Press release 2023/052 from

The war against Ukraine continues, China's position remains unclear even after President Xi's visit to Moscow. Dr Man Zhang from the Research Centre Global Dynamics (ReCentGlobe) at Leipzig University talks about possible motivations of the Chinese government, especially with regard to a mediating role between Russia and Ukraine. “However, judging from Chinese politics in recent years, whether the priority of economic development is still given by Beijing compared to its political agenda has become increasingly vague”, she says. Man Zhang's research focuses on politics, society and justice in China.

How do you assess President Xi's recent trip to Moscow with regard to the war against Ukraine?

There are two possible explanations for Xi’s visit to Russia regarding the Russia-Ukraine war: one is that the Chinese government, as it officially has claimed in the Joint Statement, discussed the possibility of peace talks to end the war and achieve international stability. If this is true, it is likely that the Chinese government would act as an active mediator in the peace talks. The other interpretation is that Xi’s visit to Russia is a clear signal that Beijing is “taking a side,” although the Chinese government has repeatedly denied this. The motivation for such an act could be related to China’s relationship with Taiwan (and furthermore, tensions with the United States). The Xi government may take action against Taiwan, most likely by force. Siding with Russia also seeks allies for its actions.

China has presented a "peace plan" - how realistic is it that China will play a role as a mediator?

In theory, there are some pragmatic reasons for the Chinese government to act as a mediator. At an international level, by facilitating peace talks, China could further increase its global influence and diminish the US’ role. The Chinese official narrative often asserts that the United States have been “igniting the fire and fanning the flames” in the Russia-Ukraine war. Acting as a mediator would enable the Chinese government to appear as a leading player and help it to compete with the United States for influences in global affairs. For example, China played a role of a mediator in the reestablishment diplomatic relationship between Saudi Arabia and Iran in Beijing in early March this year. It was a game-changing moment both for the Middle East and for China’s influence in the region.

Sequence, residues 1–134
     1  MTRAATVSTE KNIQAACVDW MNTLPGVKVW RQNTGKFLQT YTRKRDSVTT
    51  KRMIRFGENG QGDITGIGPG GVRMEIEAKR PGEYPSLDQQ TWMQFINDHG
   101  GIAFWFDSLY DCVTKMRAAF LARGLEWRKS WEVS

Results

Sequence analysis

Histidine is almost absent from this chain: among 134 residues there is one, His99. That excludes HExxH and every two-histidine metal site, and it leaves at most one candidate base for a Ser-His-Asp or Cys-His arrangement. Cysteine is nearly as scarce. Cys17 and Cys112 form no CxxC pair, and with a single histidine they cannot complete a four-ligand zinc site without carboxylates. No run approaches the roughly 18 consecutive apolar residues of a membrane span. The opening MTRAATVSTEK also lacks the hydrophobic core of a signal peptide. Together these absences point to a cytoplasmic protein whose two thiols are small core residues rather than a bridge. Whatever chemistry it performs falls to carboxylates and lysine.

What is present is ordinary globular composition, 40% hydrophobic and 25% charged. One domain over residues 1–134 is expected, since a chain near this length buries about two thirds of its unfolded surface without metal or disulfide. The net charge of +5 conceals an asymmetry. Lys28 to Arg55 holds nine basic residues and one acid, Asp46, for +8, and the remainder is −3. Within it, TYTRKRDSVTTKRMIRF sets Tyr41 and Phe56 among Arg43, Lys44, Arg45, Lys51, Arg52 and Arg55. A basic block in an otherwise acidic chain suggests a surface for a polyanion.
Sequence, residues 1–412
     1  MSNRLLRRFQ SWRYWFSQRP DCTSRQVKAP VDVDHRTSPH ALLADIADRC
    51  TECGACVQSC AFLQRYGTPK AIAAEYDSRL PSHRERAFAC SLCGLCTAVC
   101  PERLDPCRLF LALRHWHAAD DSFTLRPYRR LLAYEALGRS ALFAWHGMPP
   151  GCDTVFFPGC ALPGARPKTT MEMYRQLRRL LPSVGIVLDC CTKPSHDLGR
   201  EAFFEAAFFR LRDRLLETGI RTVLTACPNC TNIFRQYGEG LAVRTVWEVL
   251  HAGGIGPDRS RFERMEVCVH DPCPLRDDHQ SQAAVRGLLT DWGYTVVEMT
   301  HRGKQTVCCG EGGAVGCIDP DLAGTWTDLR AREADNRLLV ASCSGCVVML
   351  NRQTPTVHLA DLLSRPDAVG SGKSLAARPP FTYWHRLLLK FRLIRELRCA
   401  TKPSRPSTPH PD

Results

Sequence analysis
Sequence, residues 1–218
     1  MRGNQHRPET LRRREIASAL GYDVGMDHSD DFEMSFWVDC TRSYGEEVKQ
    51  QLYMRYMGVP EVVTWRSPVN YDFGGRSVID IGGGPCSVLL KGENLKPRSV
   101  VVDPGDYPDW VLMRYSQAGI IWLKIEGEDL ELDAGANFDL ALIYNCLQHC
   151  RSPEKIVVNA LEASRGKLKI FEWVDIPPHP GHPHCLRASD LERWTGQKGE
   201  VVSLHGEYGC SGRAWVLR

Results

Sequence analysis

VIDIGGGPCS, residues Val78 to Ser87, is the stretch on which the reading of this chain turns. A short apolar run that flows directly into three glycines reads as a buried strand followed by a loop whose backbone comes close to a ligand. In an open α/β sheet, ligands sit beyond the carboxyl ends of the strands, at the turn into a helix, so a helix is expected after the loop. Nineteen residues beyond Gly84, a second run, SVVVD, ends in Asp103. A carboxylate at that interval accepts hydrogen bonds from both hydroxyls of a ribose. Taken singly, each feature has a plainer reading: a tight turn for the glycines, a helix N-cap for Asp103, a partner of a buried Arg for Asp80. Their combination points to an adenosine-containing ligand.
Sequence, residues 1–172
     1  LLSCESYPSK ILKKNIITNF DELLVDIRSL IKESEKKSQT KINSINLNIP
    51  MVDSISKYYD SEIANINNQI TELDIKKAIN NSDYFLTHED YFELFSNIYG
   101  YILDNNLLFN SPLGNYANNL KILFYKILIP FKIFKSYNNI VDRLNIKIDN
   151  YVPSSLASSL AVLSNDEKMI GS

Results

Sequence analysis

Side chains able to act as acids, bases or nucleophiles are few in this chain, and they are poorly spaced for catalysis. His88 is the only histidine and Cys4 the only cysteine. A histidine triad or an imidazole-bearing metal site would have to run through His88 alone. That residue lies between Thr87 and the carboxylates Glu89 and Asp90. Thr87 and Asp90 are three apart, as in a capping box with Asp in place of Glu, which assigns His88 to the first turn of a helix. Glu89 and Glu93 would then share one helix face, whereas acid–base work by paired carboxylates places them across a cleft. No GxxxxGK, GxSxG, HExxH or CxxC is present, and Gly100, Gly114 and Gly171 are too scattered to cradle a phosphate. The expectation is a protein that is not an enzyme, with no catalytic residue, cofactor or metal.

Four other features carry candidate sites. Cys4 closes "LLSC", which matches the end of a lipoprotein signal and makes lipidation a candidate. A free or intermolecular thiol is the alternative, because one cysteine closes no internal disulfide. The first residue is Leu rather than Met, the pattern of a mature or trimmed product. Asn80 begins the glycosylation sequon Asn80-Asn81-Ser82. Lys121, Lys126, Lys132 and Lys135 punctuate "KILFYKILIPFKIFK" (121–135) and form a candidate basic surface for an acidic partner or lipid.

Domestically, China is currently experiencing economic difficulties as a consequence of its Covid-19 policies in the past three years. This situation could prompt the Chinese government to promote peace talks to end the war so that to open up its international trade, which has been deeply affected by its lockdown policy since the pandemic. However, judging from Chinese politics in the recent years, whether the priority of economic development is still given by Beijing compared to its political agenda has become increasingly vague.

What arguments, questions or concerns do you hear when you talk to your contacts in China?

Many people in China are widely discontent with the covid policy of the government last year. The general public, especially in places like Shanghai, where a hard lock-down was in place for several months, expressed disappointment with the government’s performance.  

Due to the long-term lockdown, citizens, especially those who are at the bottom of the society, suffered from financial difficulties. Many people’s income decreased, and economic pressure increased. One of the most notable sign is the slump in the real estate sector, which is often an important economic source for many local governments. The economic setbacks have led the public to begin questioning the authority of the Xi government.

Dr. Man Zhang joined University Leipzig in March 2021 to work at the Leipzig section of the Research Institute Social Cohesion (RISC)/Research Centre Global Dynamics. Building on her previous research, she concentrates on the study of populism and Maoism in contemporary China.

We also recommend her blog post: “The Russia-Ukraine War also Divides China”, ReCentGlobe Blog, March 15, 2022